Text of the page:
It has been demonstrated elsewhere40 that reinitiation is not limited to the closest AUG beyond the 5′-proximal ORF. If the ribosomal subunits, which only gradually become competent, are not yet ready when they reach the first AUG codon downstream from the PTC, they continue scanning, initiating at an AUG codon(s) further downstream.40 This phenomenon might explain why we found reinitiation at both the AUG461 codon and the AUG475 codon. Alternatively, it might be the result of leaky scanning, since the AUG461 resides in the weak context UCAUCGGAAAUGC (fig. 2).

Very few studies have previously demonstrated reinitiation of translation in patients suffering from inherited disorders. Thus, in patients suffering from peroxisome-biogenesis disorder, methylmalonic acidemia, or androgen resistance, reinitiation has been demonstrated after translation of ORFs of 8, 17, or 59 codons, respectively.4143 Interestingly, in a patient suffering from peroxisome-biogenesis disorder, because of two different mutations in the PEX12 alleles, reinitiation of one of two mutated transcripts was proposed to modulate the phenotype.41 To our knowledge, this is the only previous demonstration of translation reinitiation proposed to modulate the disease phenotype of a patient. Since peroxisome-biogenesis disorder due to PEX12 mutations is autosomally inherited, interpretation is more complicated than for the present X-linked MD.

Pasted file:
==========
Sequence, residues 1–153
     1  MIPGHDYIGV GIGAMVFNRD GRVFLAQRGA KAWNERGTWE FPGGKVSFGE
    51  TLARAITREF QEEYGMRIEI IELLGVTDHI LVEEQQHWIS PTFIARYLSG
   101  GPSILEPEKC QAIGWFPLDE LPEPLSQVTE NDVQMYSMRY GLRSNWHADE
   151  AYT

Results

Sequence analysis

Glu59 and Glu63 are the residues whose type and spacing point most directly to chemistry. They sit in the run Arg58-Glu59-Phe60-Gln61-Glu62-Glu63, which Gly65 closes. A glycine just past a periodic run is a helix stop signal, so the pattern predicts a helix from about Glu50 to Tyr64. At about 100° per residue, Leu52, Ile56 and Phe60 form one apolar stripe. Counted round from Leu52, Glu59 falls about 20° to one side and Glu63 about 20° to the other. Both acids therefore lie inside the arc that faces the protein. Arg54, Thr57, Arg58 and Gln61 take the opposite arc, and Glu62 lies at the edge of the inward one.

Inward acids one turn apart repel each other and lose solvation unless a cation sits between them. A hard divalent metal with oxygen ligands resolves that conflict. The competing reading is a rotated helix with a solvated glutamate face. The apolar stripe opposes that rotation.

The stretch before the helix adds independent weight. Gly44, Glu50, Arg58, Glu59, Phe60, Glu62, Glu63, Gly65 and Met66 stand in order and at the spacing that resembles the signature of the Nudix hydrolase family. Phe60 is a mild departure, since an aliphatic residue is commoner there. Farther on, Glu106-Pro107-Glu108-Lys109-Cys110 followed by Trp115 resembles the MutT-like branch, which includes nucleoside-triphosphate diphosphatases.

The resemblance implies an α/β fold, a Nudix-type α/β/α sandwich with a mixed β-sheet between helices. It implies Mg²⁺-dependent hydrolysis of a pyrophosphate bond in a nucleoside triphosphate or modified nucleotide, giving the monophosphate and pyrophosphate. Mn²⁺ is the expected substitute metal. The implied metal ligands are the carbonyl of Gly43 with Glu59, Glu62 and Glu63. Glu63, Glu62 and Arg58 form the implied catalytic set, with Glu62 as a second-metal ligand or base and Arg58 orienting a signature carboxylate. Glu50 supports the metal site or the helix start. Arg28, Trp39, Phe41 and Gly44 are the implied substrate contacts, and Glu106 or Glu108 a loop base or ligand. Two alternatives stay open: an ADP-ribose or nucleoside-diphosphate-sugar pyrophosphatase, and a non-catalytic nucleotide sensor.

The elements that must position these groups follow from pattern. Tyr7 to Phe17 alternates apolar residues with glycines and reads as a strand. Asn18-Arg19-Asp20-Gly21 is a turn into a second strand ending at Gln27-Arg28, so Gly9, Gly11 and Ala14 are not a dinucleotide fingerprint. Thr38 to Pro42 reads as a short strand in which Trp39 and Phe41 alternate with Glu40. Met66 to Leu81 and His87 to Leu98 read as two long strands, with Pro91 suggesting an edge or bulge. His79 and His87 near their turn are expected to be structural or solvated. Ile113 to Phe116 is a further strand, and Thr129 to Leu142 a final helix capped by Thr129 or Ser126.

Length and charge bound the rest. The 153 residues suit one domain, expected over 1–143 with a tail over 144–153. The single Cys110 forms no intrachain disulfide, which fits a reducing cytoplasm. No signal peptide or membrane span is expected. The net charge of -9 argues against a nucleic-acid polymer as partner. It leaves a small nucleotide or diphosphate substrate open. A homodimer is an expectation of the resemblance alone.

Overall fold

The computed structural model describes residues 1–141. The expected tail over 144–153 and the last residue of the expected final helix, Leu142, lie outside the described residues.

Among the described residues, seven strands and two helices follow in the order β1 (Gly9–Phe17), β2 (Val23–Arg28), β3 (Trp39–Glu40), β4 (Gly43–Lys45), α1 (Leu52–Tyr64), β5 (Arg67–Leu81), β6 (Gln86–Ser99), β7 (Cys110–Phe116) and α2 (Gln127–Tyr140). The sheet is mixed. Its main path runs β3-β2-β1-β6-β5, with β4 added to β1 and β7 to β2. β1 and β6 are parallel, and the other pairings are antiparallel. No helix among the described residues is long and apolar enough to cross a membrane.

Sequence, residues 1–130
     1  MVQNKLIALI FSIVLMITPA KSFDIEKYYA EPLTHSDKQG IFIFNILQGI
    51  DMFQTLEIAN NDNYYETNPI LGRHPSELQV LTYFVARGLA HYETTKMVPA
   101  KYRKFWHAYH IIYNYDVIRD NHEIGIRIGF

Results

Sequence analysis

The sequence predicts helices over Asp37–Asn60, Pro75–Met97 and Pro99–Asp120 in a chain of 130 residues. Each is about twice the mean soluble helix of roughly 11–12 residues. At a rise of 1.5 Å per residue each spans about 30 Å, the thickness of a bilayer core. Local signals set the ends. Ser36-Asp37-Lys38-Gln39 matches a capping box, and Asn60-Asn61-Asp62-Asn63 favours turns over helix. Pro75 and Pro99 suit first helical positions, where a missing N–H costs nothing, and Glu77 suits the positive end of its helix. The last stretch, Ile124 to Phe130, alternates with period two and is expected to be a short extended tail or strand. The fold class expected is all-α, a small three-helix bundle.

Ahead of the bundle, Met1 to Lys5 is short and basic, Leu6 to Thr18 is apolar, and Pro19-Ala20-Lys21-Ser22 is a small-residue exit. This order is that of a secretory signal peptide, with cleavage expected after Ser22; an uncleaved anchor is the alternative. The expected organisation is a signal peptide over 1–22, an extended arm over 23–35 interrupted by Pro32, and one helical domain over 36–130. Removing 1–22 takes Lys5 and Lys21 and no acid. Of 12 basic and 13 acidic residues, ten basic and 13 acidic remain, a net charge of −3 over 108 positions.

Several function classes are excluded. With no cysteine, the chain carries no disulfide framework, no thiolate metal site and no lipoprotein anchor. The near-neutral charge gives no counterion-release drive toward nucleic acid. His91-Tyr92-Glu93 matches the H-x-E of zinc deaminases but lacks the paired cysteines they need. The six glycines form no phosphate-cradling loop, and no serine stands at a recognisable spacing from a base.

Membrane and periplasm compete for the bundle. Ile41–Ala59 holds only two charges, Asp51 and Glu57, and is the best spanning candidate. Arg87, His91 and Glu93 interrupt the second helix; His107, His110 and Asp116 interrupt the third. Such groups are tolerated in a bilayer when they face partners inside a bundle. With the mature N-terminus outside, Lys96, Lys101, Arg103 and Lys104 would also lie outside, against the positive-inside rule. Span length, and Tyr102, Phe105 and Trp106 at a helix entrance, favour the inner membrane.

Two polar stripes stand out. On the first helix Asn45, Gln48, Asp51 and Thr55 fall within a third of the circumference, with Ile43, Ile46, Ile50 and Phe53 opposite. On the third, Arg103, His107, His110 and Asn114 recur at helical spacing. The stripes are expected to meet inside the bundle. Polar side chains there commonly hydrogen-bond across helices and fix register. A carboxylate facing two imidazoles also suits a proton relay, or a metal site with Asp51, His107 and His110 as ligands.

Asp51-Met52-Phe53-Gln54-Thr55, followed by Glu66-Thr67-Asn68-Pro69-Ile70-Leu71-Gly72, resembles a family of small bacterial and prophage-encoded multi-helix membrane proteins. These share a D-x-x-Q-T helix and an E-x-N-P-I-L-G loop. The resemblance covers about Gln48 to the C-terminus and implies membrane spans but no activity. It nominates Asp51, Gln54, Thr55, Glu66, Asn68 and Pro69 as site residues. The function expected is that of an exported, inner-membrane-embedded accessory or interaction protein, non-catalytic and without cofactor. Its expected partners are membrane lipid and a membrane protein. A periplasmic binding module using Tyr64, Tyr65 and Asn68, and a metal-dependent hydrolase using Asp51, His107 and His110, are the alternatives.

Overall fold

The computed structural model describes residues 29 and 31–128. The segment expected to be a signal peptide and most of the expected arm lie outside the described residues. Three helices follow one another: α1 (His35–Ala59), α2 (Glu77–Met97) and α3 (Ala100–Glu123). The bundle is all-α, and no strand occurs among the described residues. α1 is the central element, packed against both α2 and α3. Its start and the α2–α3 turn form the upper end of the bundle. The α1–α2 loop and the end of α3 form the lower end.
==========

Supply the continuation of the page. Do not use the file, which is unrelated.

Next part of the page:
Abrogation of NMD

Transcripts with PTC are generally low in abundance, because of decay.18,44 However, some exceptions from this rule have been described. Transcripts containing PTC positioned in close proximity to the initial codon in triosephosphate isomerase constructs and in β-globin and BRCA1 mRNA have been found to be, at least partially, NMD resistant.19,45,46 For triosephosphate isomerase constructs, this resistance was caused by reinitation of translation,19 whereas it does not seem to be the case for β-globin mRNA.46